Humans: Why They Triumphed by Matt Ridley

Artículo de Matt Ridley, enlazado por Arcadi Espada, sobre por qué prosperó la raza humana hace 45 000 años, el porqué del salto que se dio en esa época. La conclusión del artículo es que se debe a la suma de inteligencias de toda una comunidad, inteligencia colectiva, y al intercambio de esas ideas con otras comunidades, el comercio de ideas.

Cuando lo leo me parece muy coherente, racional y convincente.

Destaco estos párrafos:
"The answer lies in a new idea, borrowed from economics, known as collective intelligence: the notion that what determines the inventiveness and rate of cultural change of a population is the amount of interaction between individuals.

But the sophistication of the modern world lies not in individual intelligence or imagination. It is a collective enterprise. Nobody—literally nobody—knows how to make the pencil on my desk (as the economist Leonard Read once pointed out), let alone the computer on which I am writing. The knowledge of how to design, mine, fell, extract, synthesize, combine, manufacture and market these things is fragmented among thousands, sometimes millions of heads. Once human progress started, it was no longer limited by the size of human brains. Intelligence became collective and cumulative.

We tend to forget that trade and urbanization are the grand stimuli to invention, far more important than governments, money or individual genius. It is no coincidence that trade-obsessed cities—Tyre, Athens, Alexandria, Baghdad, Pisa, Amsterdam, London, Hong Kong, New York, Tokyo, San Francisco—are the places where invention and discovery happened. Think of them as well-endowed collective brains.

It is precisely the same in cultural evolution. Trade is to culture as sex is to biology. Exchange makes cultural change collective and cumulative. It becomes possible to draw upon inventions made throughout society, not just in your neighborhood. The rate of cultural and economic progress depends on the rate at which ideas are having sex.

Once human beings started swapping things and thoughts, they stumbled upon divisions of labor, in which specialization led to mutually beneficial collective knowledge. Specialization is the means by which exchange encourages innovation: In getting better at making your product or delivering your service, you come up with new tools. The story of the human race has been a gradual spread of specialization and exchange ever since: Prosperity consists of getting more and more narrow in what you make and more and more diverse in what you buy. Self-sufficiency—subsistence—is poverty.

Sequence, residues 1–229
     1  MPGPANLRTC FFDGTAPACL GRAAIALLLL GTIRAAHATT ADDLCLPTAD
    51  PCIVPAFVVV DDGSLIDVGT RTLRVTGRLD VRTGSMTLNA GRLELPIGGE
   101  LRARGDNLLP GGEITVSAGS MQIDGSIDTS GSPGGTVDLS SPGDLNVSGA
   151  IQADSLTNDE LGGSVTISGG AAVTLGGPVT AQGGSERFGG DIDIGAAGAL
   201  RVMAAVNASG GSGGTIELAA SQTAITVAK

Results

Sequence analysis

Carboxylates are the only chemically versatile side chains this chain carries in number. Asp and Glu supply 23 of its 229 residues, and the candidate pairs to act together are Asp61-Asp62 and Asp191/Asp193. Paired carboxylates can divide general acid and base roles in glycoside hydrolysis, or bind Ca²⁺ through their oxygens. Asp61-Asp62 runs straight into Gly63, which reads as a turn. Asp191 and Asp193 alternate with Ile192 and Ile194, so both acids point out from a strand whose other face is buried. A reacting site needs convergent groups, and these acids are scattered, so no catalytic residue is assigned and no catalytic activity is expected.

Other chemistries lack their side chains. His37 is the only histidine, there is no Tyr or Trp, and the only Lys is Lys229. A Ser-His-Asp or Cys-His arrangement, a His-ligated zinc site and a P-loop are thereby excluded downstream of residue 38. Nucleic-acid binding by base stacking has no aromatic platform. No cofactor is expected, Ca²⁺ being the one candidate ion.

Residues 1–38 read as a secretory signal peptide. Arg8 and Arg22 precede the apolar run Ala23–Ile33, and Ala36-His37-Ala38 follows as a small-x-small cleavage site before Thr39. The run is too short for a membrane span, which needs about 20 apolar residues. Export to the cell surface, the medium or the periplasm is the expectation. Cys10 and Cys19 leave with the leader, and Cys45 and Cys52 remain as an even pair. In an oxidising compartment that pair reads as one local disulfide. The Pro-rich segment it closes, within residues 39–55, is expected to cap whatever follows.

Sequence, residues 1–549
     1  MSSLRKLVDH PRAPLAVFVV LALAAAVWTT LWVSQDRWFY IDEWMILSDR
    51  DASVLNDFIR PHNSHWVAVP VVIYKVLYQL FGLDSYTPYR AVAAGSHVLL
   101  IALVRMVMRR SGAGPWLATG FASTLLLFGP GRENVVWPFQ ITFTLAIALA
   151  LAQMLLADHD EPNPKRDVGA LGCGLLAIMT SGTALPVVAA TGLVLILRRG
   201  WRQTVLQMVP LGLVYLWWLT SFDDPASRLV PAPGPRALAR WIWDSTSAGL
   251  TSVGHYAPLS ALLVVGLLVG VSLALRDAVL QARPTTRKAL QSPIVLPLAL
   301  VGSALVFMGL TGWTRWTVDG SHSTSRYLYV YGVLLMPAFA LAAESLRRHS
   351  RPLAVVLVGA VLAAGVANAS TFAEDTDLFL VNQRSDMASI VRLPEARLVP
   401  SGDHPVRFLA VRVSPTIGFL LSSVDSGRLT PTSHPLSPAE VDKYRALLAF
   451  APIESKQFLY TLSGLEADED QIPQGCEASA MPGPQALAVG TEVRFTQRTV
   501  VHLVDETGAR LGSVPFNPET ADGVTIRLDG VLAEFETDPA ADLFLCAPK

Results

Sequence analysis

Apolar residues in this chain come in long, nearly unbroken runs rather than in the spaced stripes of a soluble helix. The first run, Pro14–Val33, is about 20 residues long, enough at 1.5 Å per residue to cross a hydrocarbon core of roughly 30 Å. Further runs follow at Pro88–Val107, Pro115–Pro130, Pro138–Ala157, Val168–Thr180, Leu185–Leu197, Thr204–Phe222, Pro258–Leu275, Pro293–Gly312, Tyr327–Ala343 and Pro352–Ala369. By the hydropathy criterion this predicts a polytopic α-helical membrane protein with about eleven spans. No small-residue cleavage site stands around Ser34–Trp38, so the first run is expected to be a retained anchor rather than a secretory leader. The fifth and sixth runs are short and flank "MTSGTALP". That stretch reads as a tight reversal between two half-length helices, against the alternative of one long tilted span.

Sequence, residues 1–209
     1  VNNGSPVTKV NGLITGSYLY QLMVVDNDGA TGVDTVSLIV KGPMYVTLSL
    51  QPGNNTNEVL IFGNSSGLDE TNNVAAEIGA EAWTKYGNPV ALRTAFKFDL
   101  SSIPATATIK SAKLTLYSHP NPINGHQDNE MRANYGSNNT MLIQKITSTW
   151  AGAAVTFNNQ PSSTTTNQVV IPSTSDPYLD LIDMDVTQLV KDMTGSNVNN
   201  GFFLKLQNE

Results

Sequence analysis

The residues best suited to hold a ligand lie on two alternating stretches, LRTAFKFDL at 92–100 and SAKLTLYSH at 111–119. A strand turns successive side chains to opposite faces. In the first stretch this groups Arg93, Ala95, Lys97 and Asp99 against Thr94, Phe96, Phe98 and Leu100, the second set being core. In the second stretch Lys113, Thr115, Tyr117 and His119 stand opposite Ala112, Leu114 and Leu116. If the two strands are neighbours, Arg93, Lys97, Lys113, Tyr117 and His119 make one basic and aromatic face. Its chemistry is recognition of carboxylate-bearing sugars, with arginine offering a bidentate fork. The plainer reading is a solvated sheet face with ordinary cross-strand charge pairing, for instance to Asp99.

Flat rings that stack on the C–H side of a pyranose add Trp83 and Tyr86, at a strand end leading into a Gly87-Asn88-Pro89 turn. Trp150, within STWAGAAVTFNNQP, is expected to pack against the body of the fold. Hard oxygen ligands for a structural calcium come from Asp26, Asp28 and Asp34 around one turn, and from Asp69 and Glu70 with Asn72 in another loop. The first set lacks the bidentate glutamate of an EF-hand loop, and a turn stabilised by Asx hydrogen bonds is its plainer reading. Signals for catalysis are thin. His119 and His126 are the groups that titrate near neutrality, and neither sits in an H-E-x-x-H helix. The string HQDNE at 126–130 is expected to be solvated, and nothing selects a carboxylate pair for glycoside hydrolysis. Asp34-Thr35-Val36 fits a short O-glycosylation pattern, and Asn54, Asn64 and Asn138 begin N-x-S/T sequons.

Where population falls or is fragmented, cultural evolution may actually regress. A telling example comes from Tasmania, where people who had been making bone tools, clothing and fishing equipment for 25,000 years gradually gave these up after being isolated by rising sea levels 10,000 years ago. Joe Henrich of the University of British Columbia argues that the population of 4,000 Tasmanians on the island constituted too small a collective brain to sustain, let alone improve, the existing technology.

Why it happened in Africa remains a puzzle, but Steve Kuhn and Mary Stiner of the University of Arizona have argued that for some reason only Africans had invented a sexual division of labor between male hunters and female gatherers—the most basic of all trades.

There's a cheery modern lesson in this theory about ancient events. Given that progress is inexorable, cumulative and collective if human beings exchange and specialize, then globalization and the Internet are bound to ensure furious economic progress in the coming century—despite the usual setbacks from recessions, wars, spendthrift governments and natural disasters.

The process of cumulative innovation that has doubled life span, cut child mortality by three-quarters and multiplied per capita income ninefold—world-wide—in little more than a century is driven by ideas having sex. And things like the search engine, the mobile phone and container shipping just made ideas a whole lot more promiscuous still".

No hay comentarios:

Publicar un comentario